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Florence, China Trade Conflict, the Mueller Investigation (and more!)

As Hurricane Florence continues to create devastating human suffering and economic damage, the trade war with China has again surged into the financial headlines. The U.S.-China conflict may well prove to be the defining issue for the markets into 2019 or beyond. Meanwhile, the Mueller investigation enters a new phase.

We hope that you find these notes informative, interesting and worth a few minutes of your time.

  • Hurricane Florence Economic Impact: There is no way to put a price tag on the immense human suffering caused by Florence, but we know that the economic impact will be substantial. Here are some estimates.

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Florence Roars Ashore, Trade Talk Progress, and a New 9/11 Memorial

Hurricane Florence should be bearing down on the Carolinas about the time you are receiving The Friday Buzz.  The storm could be one of the largest to ever hit the East Coast.  Our thoughts are with friends and family in the areas and we wish them safe.

  • Disaster Preparedness:  Hurricane Florence reminds us to be prepared for emergencies.  It's not just hurricanes, but fires (like in California), tornadoes, and ice storms.  Along with emergency supplies, everyone should prepare a financial emergency kit.  It should include cash (ATMs may not work), safety deposit keys, passports, and important paperwork like estate plans and personal inventory lists for insurance.  Here is a short list of things to consider for the kit and another list from FEMA.  For those who are comfortable with technology, an offsite secure cloud storage provider can store important documents.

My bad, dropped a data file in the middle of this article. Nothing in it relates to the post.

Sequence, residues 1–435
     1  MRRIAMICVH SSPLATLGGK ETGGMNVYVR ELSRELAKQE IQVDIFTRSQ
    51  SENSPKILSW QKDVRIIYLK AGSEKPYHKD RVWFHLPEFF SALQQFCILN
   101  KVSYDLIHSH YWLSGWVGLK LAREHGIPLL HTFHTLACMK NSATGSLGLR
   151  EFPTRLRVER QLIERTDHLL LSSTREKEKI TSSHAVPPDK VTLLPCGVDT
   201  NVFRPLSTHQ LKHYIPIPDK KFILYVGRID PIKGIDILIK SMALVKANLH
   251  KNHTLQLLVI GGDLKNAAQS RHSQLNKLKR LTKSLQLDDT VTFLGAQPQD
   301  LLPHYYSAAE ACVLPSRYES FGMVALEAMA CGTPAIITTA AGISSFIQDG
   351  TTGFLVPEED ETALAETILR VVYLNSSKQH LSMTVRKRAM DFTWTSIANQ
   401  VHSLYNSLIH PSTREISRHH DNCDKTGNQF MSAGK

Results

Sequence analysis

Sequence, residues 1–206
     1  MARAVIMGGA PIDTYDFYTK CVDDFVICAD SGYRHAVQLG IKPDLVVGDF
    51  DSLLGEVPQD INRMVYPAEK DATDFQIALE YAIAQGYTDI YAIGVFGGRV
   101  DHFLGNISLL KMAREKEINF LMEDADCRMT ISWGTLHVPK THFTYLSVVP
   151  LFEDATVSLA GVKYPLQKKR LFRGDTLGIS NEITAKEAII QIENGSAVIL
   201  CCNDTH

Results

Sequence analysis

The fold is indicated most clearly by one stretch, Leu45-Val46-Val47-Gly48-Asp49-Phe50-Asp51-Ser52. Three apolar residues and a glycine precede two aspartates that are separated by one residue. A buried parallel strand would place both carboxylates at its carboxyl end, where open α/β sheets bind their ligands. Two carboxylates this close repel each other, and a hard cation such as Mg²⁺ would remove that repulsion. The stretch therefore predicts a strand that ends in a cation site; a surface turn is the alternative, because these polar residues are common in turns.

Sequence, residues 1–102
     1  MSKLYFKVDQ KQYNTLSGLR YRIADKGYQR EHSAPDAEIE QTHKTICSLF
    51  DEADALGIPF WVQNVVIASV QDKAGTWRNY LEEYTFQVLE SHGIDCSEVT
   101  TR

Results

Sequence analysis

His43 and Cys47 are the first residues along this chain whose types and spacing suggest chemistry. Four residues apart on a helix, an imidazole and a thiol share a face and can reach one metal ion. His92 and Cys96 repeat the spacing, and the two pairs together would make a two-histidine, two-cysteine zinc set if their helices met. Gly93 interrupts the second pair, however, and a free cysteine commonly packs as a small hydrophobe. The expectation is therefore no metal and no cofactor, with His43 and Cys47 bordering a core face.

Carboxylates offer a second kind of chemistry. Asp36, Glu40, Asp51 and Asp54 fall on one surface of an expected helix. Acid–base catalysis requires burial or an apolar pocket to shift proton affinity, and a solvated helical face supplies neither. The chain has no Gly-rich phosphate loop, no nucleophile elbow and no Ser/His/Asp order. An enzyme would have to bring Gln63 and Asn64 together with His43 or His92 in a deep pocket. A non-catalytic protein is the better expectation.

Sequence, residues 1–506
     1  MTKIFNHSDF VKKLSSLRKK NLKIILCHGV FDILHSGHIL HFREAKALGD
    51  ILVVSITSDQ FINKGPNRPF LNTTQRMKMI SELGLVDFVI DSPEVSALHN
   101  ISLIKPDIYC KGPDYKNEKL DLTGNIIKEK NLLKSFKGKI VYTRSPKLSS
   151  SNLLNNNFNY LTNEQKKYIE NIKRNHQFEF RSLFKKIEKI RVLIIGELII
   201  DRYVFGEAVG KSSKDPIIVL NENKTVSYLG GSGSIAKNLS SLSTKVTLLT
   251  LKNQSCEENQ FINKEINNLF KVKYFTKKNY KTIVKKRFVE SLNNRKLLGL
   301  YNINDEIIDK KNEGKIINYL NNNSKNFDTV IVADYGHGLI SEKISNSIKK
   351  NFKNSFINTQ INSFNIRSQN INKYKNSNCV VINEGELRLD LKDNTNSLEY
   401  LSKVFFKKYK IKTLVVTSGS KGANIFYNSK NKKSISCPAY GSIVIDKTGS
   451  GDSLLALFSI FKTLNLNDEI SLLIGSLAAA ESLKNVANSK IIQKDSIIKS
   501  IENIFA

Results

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Topics to Consider While Markets Tread Water Pending Trade Deals 

The financial markets have been quiet, with political news dominating the headlines. In the short term, we look for future trade developments involving China and NAFTA to be the primary market movers. The Mueller investigation continues to be a wildcard, but it’s unclear if anything short of a news bombshell will be perceived by the financial markets as significant.

  • U.S. and Mexico Near Trade Deal: We are closing in on a NAFTA replacement deal with Mexico. David Ignatius, an astute observer of international politics, gives the agreement "two cheers." Ignatius notes that one plus of renegotiating NAFTA with Mexico, and eventually Canada, is that the focus will shift to China with whom we have major differences and there is bi-partisan support for taking a tougher negotiation stance.